Last week, I had the chance to catch up with a friend and industry colleague, Mitch Free, founder and CEO of MFG.com. While we tried to avoid talking directly about work most of the time, I could not resist asking him if we could do a short blog interview about the future of sourcing, marketplaces and related topics. Mitch was more than happy to oblige. Somehow, the conversation even turned to Courtney Love and Manny Ramirez (don't ask me how). In any event, below you'll find the second part of my interview with Mitch.
Jason: In the current inflationary climate, what can small and mid-market manufacturers do to offset material costs?
Mitch: Developing sourcing options is one tactic -- different suppliers in different geographies might have access to different raw material pricing. Other options include leveraging the surplus and scrap markets, material substitution and listening to suppliers for suggestions on cost reduction ideas. Scrap programs are often good bets as anything that you or your suppliers can get for scrap material is found money.
Jason: MFG.com is a marketplace, not a software company. Still you use technology. What are the biggest lessons learned in developing it?
Mitch: First rule is that it always take longer and costs more than you anticipate it will. One of the strategies I favor is to develop small pieces of software and then put them out live and let the community help drive ongoing development. It's almost impossible to focus in advance and determine the needs of the community before they start using it. Let the users speak. Second rule -- which is connected to the first -- is that the web changes the game. With the web, you can push code hourly, daily, etc. This allows us to adapt to changing user requirements and demands quickly. We've learned that when we try to think through every user scenario, it takes a long time and then users don't use the features that we thought that they would. The better strategy is to meet basic requirements and observe what users are trying to do and develop it quickly on an iterative basis and develop exactly what the community wants. Avoid developing things that you think are cool. Let the community have a voice.
Jason: So what is up out with this Textile marketplace thing on MFG.com?
Mitch: We saw a big opportunity to take the MFG.com business model into the textile industry. Our gut was right. Only shortly after launching, we have tens of million dollars of volume almost every day on the site. We've got some cool stories, too. Even Courtney Love is using the service for some of her new fashion designs. But the bulk of the buy so far has been in uniforms with larger companies using the service. One organization spent $2 million on hospital scrubs. The truth is that the bulk of the buy is the non-sexy stuff (however much we like working with folks like Courtney Love). Small guys can play too, though. Manny Ramírez used our service to source t-shirts. "Let Manny be Manny." He brought them to Japan for spring training. 5,000 shirts!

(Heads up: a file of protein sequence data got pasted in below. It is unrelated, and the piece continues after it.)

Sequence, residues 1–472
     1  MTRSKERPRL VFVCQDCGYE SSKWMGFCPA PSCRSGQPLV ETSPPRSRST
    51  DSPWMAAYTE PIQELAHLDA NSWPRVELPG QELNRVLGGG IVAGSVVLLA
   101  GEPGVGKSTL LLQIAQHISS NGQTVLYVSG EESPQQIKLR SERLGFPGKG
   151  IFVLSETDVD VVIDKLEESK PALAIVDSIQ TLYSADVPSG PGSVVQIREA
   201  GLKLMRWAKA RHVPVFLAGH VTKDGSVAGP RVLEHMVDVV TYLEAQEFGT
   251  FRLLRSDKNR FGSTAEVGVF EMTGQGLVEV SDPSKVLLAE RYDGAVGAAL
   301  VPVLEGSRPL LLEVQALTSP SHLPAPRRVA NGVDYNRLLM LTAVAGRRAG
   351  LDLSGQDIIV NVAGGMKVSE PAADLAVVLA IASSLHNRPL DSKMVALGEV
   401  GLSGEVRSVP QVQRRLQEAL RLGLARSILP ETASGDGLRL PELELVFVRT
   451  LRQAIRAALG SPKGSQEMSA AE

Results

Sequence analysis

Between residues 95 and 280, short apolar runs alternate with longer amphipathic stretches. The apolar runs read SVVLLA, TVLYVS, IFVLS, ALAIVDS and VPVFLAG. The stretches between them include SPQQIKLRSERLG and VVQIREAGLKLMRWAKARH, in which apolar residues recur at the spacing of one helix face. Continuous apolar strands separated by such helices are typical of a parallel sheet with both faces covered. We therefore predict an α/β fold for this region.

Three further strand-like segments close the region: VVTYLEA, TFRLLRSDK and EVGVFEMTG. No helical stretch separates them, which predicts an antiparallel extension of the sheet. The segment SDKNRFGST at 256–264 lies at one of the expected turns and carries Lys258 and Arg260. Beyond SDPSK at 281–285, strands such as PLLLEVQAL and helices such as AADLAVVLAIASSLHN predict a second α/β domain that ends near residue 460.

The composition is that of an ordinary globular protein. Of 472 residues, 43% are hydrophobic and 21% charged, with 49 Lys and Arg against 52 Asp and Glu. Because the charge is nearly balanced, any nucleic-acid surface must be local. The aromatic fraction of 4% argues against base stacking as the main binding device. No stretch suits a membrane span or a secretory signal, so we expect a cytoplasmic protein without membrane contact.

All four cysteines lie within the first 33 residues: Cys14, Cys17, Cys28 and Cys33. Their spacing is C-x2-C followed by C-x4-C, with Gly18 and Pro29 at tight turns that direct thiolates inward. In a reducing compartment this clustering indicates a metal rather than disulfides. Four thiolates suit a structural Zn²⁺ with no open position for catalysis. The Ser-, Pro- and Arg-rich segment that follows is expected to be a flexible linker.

Jason: Tell me more about this Open Source manufacturing model you're getting involved with.
Mitch: Right around the corner is a very interesting trend developing that we call Open Source hardware. It is particularly ripe for companies that have platform technology that don't make the money from the platform itself, but make it from consumables or add-ons consumed by the platform. These are companies that lose money or break even on producing the platform. But if they were to take the platform and Open Source it and let others improve it and combine it with other functional products, then they would get better mass distribution. And they could also get out of the business of low-margin or no margin platform development all the while achieving wider proliferation of a platform that would result in greater sales of the consumables. This concept is high on our priority list and we intend to take a lead on Open Source community development. We've been working on it for about a year. In the fall, we will be releasing some very interesting Open Source designs as well as a portal for the open source community. Here's a hint at what is to come.
Spend Matters would like to thank Mitch Free for sharing his thoughts on Spend Matters. To get more into the mind of Mitch, check out his site and blog: Free Thinking.
- Jason Busch